Nutritional ecology of sea urchin larvae: influence of endogenous and exogenous nutrition on echinopluteal growth and phenotypic plasticity in Tripneustes gratilla

Show simple item record Byrne, M en Sewell, Mary en Prowse, TAA en 2015-01-22T03:31:43Z en 2008 en
dc.identifier.citation Functional Ecology, 2008, 22 (4), pp. 643 - 648 (6) en
dc.identifier.issn 0269-8463 en
dc.identifier.uri en
dc.description.abstract Summary: 1 Marine invertebrates use egg nutrients to develop the functional feeding larva and then enter a facultative feeding period (FFP) when development can proceed without food because larvae are supported by maternal reserves. Facultative feeding reduces starvation risk and so is important for larval success. It may also influence egg size evolution because FFP length correlates with egg size. 2 We quantified energetic lipid (triglyceride, TG) utilisation in unfed and fed larvae as an index of larval nutritive condition in the tropical echinoid Tripneustes gratilla during the FFP to determine if fed larvae would use the buffer provided by endogenous provisions to improve their condition or accelerate development. We predicted that: (i) the condition of unfed and fed larvae should diverge before egg TG is exhausted and/or (ii) that the size of fed larvae should outstrip that of unfed larvae. 3 Temperate echinoplutei exhibit phenotypic plasticity, increasing the length of their food capture apparatus (arms) in nutrient-poor conditions. We examined the generality of this phenomenon in a morphometric analysis of growth in the tropical larva of T. gratilla. We hypothesized that plastic arm growth in starved larvae would occur before the FFP ends as a bet hedging strategy to prepare for hard times ahead when lack of reserves may render this response impossible. 4 We found that fed larvae diverged in condition (higher TG) but not in size compared with starved larvae before egg energetic lipids were exhausted. In addition, unfed larvae showed plastic arm growth before the end of the FFP. 5 Lack of divergence in growth of unfed and fed larvae suggests there may be an imperative to maintain a nutrient storage buffer against starvation due to unpredictable future planktonic food supply. The FFP of T. gratilla exceeds 8 days, considerably longer than that of other echinoids with similarly sized eggs, emphasizing that egg quality may be more important than egg size as a predictor of the FFP in fecundity-time models of egg evolution. en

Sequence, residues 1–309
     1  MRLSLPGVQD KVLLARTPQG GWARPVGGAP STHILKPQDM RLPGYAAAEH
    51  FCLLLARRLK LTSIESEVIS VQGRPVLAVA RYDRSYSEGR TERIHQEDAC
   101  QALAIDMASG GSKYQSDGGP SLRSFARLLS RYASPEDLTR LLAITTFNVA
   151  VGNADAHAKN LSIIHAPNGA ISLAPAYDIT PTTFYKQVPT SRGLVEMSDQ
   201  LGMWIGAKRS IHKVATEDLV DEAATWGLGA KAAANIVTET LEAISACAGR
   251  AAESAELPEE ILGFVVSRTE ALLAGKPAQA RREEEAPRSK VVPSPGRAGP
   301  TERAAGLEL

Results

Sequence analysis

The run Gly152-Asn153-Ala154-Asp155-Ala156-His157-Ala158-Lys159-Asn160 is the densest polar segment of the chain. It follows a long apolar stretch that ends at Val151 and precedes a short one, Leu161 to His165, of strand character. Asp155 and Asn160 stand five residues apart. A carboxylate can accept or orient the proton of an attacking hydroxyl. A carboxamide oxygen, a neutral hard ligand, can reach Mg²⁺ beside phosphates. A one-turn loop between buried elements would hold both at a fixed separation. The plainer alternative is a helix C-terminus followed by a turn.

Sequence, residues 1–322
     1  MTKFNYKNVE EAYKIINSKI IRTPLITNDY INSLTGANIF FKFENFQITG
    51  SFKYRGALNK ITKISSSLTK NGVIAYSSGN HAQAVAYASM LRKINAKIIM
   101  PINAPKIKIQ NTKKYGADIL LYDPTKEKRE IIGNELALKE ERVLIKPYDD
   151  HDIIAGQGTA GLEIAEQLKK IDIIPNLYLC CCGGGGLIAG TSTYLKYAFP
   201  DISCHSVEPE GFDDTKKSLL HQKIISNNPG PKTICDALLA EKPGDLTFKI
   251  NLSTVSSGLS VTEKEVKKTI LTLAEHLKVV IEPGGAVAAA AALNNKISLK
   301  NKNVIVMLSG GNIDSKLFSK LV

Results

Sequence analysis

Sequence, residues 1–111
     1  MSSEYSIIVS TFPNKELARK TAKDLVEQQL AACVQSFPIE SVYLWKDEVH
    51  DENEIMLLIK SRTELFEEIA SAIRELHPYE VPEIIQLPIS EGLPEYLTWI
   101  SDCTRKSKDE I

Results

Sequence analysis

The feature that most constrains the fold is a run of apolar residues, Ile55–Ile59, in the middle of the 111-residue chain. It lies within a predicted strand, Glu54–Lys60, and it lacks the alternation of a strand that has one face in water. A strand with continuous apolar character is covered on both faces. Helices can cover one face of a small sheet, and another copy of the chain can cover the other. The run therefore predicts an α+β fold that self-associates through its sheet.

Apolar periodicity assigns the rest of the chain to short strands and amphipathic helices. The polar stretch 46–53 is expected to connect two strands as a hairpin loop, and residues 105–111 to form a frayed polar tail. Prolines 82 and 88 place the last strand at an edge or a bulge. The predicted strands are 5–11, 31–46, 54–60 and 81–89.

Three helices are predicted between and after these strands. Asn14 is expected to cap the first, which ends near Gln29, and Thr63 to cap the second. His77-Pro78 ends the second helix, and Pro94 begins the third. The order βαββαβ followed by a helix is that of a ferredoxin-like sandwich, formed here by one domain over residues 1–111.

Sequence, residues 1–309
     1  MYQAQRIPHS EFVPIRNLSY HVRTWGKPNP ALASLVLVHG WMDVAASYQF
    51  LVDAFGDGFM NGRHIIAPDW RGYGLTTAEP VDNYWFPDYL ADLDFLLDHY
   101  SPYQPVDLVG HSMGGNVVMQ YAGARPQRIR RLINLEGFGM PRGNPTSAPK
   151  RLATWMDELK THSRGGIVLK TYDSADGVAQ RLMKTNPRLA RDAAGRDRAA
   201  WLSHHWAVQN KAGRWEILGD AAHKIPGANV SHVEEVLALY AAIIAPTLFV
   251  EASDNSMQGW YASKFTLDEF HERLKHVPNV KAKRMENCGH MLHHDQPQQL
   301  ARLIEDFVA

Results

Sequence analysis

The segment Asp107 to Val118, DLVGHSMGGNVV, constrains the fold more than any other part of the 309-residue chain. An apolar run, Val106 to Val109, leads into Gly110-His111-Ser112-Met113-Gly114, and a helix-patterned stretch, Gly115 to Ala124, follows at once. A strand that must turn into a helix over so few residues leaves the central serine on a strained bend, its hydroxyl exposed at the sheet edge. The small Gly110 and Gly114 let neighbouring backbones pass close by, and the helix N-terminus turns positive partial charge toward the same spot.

dc.relation.ispartofseries Functional Ecology en
dc.rights Items in ResearchSpace are protected by copyright, with all rights reserved, unless otherwise indicated. Previously published items are made available in accordance with the copyright policy of the publisher. Details obtained from en
dc.rights.uri en
dc.title Nutritional ecology of sea urchin larvae: influence of endogenous and exogenous nutrition on echinopluteal growth and phenotypic plasticity in Tripneustes gratilla en
dc.type Journal Article en
dc.identifier.doi 10.1111/j.1365-2435.2008.01427.x en
pubs.issue 4 en
pubs.begin-page 643 en
pubs.volume 22 en
pubs.end-page 648 en
dc.rights.accessrights en
pubs.subtype Article en
pubs.elements-id 98559 en Science en Biological Sciences en
dc.identifier.eissn 1365-2435 en
pubs.record-created-at-source-date 2010-09-01 en

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